Know All About Credit Card Machines

Tuesday, July 22, 2014
The present era is a high tech era. Gone are the days when one would pay via paper e.g., cash or cheque, for the purchase. Plastic is the new face of currency. Apart from the card being convenient to carry, it is also easy to use. A person, using a card to pay, requires the merchant to acknowledge it to complete the sale. The credit card machine is the viable answer to both the parties to complete the sale. It is a boon to the people.

In the times not far from now, the business organizations used to take the print of the card and to follow up, they issued charge slips to the card holder. This charge slip was duly signed by the user after verification and was taken as an acceptance by the user to pay the liability. However, these actions have become the things of the past as in the present world, the sale takes place instantaneously. The machines, used for the transaction, are light and portable. They acknowledge major credit cards issued by leading companies. Apart from the credit cards, these machines also accept debit cards of all major banks. These machines do not come in any standard design and shape. The device is connected to the master link and there is a slot for swiping the card. The moment you swipe the card in the slot, the device recognizes the card by reading the microchip embedded in it. The read information is then sent to the computer for verification and authorizing the deal. This process hardly takes a few seconds and the user gets the deal approved in a small span of time. The card reader is the most significant part of the device.

When the card is swiped on the device, the information in the embedded microchip is transferred to the bank or the credit card company. The machine then prints out the receipt having the detail of the purchase and the money that the user has to pay to the merchant establishment. There are two receipts printed, one is signed and handed back to the merchant and the other receipt is retained by the card holder, known as the customer copy. It does not take more than a few seconds to complete the whole process. The contemporary credit card machines are more user-friendly. They come equipped with an alphanumeric keypad which is easy to use. The modern devices also boast of special features, such as the LCD display. Some machines also come attached with thermal printers making it easier for the merchant to take prints instantly.

You can come across these machines in almost all the hotels, restaurants, petrol pumps and departmental stores. The device is also helpful in producing information on sales and a total of credit given out on a daily basis. These machines are also efficient in keeping track of transactions and debt payments on credit cards. These also come in wireless units, which is the latest technology perfected lately. The wireless devices are much in fashion and can be seen during carnivals, trade shows and exhibitions.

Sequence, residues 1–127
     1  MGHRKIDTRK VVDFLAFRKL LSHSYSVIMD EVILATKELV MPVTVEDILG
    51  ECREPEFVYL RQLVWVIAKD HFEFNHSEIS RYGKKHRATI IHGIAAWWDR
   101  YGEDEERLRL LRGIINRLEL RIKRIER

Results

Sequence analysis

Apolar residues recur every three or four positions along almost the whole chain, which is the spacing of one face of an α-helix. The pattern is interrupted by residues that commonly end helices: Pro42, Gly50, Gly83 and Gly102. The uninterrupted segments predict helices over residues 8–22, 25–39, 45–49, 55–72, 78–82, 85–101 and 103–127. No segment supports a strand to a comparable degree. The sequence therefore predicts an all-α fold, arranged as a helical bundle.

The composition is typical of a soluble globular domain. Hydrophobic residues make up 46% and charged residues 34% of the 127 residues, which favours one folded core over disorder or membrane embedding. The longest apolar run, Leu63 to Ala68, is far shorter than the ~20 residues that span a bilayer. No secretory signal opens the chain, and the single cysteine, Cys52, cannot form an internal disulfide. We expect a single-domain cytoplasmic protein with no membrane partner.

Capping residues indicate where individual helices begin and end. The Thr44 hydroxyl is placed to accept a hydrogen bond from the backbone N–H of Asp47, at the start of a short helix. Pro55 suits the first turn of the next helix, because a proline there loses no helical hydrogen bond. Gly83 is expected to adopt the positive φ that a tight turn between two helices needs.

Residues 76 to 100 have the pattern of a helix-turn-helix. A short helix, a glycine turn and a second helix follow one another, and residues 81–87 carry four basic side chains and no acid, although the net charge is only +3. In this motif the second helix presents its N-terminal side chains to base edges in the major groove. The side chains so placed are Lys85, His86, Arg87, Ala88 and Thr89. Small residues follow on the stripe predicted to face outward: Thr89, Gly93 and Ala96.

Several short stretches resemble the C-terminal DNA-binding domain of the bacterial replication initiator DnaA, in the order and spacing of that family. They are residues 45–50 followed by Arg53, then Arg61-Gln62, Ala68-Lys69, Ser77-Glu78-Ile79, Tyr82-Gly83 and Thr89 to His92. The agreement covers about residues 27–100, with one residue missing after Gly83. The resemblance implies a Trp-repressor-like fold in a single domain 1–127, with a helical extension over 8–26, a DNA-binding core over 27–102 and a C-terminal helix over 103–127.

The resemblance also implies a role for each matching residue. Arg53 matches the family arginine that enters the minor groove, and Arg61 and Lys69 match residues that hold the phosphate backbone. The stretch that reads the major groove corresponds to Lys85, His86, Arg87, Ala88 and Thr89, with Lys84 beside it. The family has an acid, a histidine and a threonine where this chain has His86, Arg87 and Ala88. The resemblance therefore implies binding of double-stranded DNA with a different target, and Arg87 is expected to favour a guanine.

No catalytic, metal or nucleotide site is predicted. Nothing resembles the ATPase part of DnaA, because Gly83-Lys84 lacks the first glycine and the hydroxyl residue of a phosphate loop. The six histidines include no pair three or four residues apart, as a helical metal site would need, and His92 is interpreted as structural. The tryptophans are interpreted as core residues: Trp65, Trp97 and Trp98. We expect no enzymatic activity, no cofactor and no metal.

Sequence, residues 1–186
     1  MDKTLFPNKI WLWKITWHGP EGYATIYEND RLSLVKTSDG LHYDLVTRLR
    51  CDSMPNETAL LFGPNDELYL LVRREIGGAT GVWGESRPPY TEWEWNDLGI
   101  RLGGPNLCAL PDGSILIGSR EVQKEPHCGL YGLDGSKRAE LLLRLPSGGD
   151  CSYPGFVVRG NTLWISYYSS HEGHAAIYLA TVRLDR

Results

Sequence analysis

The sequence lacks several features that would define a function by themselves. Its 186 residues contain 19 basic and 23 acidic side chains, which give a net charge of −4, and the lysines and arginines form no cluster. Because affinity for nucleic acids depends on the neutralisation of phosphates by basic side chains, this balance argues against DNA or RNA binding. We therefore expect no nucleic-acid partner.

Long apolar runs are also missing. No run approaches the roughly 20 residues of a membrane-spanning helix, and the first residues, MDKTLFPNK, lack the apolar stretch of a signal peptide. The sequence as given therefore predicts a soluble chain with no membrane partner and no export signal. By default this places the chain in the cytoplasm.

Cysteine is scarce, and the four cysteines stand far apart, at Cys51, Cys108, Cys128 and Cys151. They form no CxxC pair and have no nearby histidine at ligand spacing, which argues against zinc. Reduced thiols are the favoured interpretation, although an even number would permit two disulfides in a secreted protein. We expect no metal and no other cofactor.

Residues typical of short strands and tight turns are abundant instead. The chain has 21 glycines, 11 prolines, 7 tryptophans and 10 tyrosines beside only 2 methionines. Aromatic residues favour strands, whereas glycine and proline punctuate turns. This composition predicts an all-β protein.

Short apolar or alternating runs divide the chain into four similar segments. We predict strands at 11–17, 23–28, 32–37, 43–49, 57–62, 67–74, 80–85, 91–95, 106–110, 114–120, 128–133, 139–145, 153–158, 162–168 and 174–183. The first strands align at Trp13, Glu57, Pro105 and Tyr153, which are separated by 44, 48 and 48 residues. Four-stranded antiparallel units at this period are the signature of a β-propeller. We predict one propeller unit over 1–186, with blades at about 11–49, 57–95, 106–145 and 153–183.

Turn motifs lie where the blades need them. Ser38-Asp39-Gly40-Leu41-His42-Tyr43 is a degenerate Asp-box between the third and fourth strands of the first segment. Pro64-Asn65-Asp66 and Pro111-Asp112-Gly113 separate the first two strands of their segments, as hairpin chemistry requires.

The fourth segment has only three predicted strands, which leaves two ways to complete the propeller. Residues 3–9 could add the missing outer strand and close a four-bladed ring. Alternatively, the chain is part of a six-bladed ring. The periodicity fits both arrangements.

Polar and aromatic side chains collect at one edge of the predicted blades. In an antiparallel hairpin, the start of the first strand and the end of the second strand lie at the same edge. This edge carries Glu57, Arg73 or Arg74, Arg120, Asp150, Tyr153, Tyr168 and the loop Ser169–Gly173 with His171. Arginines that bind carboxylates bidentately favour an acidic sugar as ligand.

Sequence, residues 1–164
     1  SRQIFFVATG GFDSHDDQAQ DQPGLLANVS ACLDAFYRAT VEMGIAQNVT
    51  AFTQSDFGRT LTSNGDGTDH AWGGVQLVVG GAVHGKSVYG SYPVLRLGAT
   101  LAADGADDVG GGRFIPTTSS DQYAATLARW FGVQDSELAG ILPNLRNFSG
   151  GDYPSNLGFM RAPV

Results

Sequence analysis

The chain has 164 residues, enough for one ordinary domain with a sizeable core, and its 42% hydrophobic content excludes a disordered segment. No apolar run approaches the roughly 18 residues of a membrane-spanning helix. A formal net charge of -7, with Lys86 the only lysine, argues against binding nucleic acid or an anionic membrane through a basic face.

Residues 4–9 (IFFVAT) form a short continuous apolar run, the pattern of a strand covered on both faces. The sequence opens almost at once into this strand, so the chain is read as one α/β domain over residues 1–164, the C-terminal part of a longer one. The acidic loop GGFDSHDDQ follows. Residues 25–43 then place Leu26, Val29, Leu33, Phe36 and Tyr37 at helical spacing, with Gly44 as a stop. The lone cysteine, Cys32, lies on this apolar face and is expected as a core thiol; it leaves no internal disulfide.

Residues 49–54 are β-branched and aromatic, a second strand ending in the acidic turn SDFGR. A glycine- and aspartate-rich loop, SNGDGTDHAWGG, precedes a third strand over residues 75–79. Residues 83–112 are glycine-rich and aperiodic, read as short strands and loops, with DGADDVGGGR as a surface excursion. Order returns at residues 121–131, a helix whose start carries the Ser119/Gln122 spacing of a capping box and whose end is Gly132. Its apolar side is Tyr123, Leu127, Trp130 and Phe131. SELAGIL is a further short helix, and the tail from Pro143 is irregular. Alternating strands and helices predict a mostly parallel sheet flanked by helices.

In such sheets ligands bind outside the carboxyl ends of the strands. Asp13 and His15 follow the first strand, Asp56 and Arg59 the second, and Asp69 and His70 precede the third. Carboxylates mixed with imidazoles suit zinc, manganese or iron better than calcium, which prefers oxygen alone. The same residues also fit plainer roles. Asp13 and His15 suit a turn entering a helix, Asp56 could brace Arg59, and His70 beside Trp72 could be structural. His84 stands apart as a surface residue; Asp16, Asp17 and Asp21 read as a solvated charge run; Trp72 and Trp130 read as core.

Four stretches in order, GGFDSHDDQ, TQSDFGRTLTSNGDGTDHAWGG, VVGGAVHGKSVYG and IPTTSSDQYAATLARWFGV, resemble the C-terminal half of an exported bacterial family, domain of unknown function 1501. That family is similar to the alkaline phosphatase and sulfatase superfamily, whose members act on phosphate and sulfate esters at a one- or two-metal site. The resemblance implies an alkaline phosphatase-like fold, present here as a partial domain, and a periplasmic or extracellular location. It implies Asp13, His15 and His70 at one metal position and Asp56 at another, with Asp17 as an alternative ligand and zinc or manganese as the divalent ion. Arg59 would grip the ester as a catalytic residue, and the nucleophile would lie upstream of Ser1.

Killer Instincts Only Insurance Professionals Have

Monday, July 21, 2014

Are you an insurance rep that has killer instincts to level the field and then seize the sale? If you feel defenseless, exhausted, or powerless, your future is doomed. Find out what separates the pros from the many inadequate insurance representatives.

An insurance representative that aggressively oversells is very weak. Likewise an insurance rep that is constantly caught in an objection trap is way too fragile when giving a presentation. Both are defenseless and vulnerable because they can not adapt to the prospect. It does not matter if you even like your prospect. Can you by talking develop a common bond of trust.

The rare successful reps develop a killer instinct by losing their fear of the prospect controlling them. Almost all prospects are experts at knowing when to buy. However, it is a rare insurance representative that knows when to sell and when to be a problem solver. Far too many insurance reps are problem makers. They actually cause the prospect not to purchase. Hope, pressure, and lack of control never create a sale.

Do you have a buyer, or are you going to waste a couple hours with a tire kicker? Adapt to a killer instinct. Tell yourself that you are ready to walk away as fast as possible from evasive prospects. Do not tolerate or accept any ands, ifs, buts, or the see you later responders.. Rarely will these people do more than string your along for months and months. Do not be a sap, call their bluff by acting dumb. Start by asking them to repeat their objection again. Then reply "Fine". Next say, "In all my years I rarely ever hear that, so please explain what you really mean."

If you get an answer that is not positive, just remember this prospect needs you more that you need him. He may say "I will call in a few days" Immediately reply, "I constantly help new clients, I only come back if you have a claim situation." That is it, your prospect is a loser for a sale. End an appointment in 15 minutes should your prospect does not feel he has a problem to solve. This is not a true prospect, so give yourself credit for recognizing it and leaving early. Just like you get away from irritating telephone solicitors you have no use for, dump these type of reject prospects as fast as you can.